Those leaks have sparked heartburn from McCarthy’s conservative flank, threatening to crack the unity House Republicans have portrayed since they passed their own debt plan. McCarthy, however, downplayed the criticism from the right, saying that they “don’t know what is in the deal.”

“I’m not concerned about anybody making any comments right now,” McCarthy said Friday.

And McHenry warned that the detail drip could impede negotiators’ ability to lock down an agreement.

“The tweets, the content, the details, and all this stuff, the leaks, don’t serve getting an agreement that changes the trajectory of the country,” he said.

The U.S. could default on its debt as soon as June 1.

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But both sides do, generally, agree that they are making progress, even as the country slides closer to the new June 5 deadline.

McCarthy told reporters Friday that he thought “We made progress last night. We’ve got to make more progress now.” He and Rep. Garret Graves (R-La.), the lead GOP negotiator, also had a powwow earlier Friday on a shared bike ride.

“I’m going to work as hard as we can to try to get this done, make more progress today, and finish the job,” McCarthy said.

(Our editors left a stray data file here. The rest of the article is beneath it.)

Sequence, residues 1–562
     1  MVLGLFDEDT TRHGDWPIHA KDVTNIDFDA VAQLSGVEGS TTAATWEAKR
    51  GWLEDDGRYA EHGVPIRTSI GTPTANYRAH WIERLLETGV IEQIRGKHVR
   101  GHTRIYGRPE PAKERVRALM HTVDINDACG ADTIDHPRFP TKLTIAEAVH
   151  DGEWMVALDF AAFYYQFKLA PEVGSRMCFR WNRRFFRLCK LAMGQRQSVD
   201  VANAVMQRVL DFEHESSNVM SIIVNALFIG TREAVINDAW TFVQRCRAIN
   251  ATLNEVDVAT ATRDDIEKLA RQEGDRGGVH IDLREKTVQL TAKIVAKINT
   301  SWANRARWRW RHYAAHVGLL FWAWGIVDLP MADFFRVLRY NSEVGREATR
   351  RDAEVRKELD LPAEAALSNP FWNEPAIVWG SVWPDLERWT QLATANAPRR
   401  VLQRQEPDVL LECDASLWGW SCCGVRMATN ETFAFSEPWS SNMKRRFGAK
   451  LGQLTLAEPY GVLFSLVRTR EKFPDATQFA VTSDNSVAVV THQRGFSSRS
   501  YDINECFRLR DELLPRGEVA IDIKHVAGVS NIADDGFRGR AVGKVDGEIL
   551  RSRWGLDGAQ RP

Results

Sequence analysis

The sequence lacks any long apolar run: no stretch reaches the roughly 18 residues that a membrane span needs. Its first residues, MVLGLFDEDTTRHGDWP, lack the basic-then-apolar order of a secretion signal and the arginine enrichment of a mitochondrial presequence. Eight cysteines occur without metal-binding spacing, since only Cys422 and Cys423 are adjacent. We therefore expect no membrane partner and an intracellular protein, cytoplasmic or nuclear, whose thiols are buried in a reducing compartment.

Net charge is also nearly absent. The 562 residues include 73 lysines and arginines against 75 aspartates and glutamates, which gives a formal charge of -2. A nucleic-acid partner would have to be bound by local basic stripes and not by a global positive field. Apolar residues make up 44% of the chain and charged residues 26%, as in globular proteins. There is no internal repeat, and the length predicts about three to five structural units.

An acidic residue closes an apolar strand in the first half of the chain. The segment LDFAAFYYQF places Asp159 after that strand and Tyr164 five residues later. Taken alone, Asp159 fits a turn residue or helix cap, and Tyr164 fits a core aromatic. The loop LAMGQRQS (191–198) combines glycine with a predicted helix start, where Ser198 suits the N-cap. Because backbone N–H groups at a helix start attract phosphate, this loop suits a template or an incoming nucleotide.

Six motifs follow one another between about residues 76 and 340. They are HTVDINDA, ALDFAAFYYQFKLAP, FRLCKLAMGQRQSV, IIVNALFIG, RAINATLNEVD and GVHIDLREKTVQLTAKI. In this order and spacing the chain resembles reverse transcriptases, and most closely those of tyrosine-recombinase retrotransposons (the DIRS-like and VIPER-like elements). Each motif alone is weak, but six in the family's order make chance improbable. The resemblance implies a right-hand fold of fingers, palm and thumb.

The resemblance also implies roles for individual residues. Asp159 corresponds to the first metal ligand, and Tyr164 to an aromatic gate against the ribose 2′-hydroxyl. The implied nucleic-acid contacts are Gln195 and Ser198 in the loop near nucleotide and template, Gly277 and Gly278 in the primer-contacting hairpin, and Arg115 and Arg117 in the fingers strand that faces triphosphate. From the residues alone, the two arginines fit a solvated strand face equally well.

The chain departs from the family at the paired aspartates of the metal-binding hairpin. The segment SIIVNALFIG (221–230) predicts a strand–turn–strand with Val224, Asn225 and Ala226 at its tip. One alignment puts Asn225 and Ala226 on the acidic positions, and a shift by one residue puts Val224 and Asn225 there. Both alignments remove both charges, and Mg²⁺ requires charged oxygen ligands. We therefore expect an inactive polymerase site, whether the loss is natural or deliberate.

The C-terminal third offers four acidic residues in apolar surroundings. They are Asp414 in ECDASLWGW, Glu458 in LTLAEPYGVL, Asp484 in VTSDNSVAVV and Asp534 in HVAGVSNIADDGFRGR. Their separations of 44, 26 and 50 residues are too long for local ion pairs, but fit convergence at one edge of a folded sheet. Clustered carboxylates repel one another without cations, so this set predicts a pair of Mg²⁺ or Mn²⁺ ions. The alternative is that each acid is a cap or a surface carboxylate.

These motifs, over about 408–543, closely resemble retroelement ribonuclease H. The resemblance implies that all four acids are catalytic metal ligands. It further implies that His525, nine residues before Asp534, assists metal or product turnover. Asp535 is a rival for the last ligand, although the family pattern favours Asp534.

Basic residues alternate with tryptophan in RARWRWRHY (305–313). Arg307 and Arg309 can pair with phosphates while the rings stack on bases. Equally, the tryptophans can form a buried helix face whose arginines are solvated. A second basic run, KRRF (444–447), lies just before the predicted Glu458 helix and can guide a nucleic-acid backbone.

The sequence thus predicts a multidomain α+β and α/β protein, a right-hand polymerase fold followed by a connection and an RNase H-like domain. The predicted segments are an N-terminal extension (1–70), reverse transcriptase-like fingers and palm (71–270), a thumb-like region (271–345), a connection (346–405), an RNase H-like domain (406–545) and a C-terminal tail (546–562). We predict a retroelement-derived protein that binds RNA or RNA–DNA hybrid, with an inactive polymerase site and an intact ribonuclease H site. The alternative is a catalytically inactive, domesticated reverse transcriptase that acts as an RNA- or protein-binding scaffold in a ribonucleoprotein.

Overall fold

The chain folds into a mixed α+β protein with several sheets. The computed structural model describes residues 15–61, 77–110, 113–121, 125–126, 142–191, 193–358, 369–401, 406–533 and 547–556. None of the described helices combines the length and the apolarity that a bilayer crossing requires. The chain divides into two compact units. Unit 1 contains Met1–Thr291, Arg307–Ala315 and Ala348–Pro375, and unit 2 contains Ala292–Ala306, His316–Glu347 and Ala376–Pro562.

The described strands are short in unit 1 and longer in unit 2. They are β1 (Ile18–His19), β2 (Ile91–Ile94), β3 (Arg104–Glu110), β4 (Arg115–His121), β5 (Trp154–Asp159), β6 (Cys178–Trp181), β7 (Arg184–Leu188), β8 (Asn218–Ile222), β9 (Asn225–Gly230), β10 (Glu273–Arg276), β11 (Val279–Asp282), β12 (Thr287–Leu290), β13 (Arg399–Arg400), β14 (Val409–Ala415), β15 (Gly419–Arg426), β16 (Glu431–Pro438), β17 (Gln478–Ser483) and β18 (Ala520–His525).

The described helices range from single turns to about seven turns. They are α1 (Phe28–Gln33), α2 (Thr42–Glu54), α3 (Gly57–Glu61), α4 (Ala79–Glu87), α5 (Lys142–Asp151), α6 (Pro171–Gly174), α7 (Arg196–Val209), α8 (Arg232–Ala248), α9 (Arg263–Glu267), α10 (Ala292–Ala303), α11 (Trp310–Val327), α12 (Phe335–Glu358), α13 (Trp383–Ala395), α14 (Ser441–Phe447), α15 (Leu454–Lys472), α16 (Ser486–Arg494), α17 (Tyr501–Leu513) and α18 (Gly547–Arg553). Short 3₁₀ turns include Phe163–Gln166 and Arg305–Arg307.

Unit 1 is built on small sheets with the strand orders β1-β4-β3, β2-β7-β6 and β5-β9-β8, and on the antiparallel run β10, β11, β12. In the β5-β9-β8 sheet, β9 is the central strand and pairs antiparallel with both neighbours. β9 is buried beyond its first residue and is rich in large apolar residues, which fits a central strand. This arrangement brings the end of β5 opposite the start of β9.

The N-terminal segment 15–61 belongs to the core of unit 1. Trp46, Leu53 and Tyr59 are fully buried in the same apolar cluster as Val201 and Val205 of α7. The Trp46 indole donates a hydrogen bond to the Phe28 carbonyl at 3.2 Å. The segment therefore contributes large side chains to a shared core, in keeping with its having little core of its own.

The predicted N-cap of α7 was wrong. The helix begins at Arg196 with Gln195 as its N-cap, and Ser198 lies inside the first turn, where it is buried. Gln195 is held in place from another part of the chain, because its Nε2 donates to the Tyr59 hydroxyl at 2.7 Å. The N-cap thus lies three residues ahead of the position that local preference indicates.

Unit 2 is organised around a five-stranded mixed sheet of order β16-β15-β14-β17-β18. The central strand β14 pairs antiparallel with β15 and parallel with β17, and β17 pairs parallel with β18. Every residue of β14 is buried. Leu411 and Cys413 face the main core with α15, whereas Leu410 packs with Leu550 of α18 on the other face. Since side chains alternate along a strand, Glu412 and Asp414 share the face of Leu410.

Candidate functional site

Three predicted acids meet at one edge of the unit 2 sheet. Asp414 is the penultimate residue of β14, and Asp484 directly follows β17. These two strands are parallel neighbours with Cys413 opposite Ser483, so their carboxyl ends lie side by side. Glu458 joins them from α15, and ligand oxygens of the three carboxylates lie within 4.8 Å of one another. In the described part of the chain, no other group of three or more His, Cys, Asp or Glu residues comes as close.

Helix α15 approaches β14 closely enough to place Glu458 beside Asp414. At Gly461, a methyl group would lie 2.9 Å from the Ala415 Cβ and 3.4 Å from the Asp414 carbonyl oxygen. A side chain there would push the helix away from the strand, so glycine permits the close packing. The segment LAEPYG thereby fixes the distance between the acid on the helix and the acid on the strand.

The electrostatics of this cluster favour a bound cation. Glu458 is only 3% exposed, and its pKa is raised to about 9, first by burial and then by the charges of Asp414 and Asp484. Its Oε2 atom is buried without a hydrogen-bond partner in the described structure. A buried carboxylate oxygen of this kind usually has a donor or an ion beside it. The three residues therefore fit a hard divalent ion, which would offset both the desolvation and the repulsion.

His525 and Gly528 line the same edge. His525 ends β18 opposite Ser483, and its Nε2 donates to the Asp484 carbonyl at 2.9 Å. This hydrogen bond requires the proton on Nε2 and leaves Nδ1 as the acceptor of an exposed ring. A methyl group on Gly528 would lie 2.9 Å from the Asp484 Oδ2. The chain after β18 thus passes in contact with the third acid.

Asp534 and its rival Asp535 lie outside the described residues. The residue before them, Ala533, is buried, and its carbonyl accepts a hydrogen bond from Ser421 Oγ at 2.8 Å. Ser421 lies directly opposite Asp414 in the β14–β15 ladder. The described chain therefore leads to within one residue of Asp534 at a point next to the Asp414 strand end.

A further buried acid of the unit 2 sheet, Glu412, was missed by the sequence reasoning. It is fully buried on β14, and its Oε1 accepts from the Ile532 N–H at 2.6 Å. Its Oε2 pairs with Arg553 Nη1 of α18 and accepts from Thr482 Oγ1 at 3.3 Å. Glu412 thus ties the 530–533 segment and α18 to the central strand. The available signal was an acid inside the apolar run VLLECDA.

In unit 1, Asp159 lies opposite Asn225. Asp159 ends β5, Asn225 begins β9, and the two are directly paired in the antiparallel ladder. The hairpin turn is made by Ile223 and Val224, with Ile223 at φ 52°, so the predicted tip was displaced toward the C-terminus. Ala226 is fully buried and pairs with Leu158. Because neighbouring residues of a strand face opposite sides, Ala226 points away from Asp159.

But work requirements and permitting reform remain two major sticking points. The White House, according to a person familiar, is “continuing to push against measures that they are concerned would drive Americans into poverty or take their health care away.” But Republicans are accusing the White House of digging in and wanting to pay people who are “able bodied with no dependents” to stay home.

“Democrats right now are willing to default on the debt so they can continue making welfare payments for people that are refusing to work. And I’m talking about people that are without dependents, people that are able-bodied between 18 and 55,” Graves told reporters on Friday afternoon.

Asked if Republicans were willing to drop work requirements, he added: “Hell no.”

The White House, for its part, pushed back strongly on the GOP’s continued effort to add new work requirements to social safety net programs as part of the deal.